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Instead of power supply we use battery for supply circuit and it stars discharged over load resistor and npn transistor.
Because of adjustable pwm voltage we regulate fixed discharged current, I think that this circuit is ok with npn follower circuit and transistors mentioned above.

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I want to use circuit above but instead of supply on power transistor there is battery which discharges, for charge it we use power supply voltage, so different orientation of circuit.
Is there any calculation for additional RC pole, in my current circuit remains some ripple with one single rc pole (470E + 1u capacitor).
I have to see in my program for frequency I forget it.

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No. An emitter resistor is not needed for only one output transistor.
Are you discharging a 12V battery? My circuit with an NPN driver transistor and NPN output transistor is a battery charger, not a discharger.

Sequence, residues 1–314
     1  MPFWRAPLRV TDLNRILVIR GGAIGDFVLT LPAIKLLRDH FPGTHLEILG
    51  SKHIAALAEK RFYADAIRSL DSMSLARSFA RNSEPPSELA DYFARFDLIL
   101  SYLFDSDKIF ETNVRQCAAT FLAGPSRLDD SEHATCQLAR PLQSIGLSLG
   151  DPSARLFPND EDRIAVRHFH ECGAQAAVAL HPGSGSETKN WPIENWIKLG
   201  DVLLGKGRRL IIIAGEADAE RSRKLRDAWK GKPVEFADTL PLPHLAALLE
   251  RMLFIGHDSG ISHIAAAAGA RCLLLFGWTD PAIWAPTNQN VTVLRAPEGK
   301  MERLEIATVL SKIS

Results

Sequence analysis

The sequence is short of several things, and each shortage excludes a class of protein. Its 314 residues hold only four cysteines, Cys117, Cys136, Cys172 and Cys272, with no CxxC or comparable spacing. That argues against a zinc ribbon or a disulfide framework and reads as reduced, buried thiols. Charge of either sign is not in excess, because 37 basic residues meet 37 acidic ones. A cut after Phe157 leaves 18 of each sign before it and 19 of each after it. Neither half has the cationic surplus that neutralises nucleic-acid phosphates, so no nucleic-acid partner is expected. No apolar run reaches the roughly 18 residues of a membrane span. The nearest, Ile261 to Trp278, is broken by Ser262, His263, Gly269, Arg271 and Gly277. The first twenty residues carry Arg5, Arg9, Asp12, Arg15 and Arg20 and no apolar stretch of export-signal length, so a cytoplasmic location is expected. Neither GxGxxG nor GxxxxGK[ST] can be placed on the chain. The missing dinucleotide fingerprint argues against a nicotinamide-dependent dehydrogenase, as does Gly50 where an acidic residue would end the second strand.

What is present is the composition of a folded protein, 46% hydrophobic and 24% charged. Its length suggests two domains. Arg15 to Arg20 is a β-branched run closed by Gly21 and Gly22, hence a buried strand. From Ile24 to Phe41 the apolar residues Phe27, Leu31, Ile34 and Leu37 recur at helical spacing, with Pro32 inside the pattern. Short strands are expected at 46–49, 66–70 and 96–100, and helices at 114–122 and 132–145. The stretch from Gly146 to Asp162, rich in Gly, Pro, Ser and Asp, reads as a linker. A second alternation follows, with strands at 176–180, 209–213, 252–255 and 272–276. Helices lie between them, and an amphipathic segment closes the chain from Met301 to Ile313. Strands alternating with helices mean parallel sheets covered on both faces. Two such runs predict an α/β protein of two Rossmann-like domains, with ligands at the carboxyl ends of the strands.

sorry but I will very grateful if you give me advice about discharge circuit, I know that my version will wok but probably you have some critical comment, you have more experience!
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  • 6 months later...

No. An emitter resistor is not needed for only one output transistor.


Are you discharging a 12V battery? My circuit with an NPN driver transistor and NPN output transistor is a battery

charger

, not a discharger.

So, what is difference between charger and discharger, my idea was in switching relays which reconnect lines and provide both orientation??

What do you think about that?

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This thread has been for such a long time that most schematics are gone. I do not know what you want to do.

A charger puts current into a battery from a voltage higher than the battery voltage. The current is limited or regulated.

A battery is discharged by a load that draws current out of the battery. The load current is limited.

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This thread has been for such a long time that most schematics are gone. I do not know what you want to do.

A charger puts current into a battery from a voltage higher than the battery voltage. The current is limited or regulated.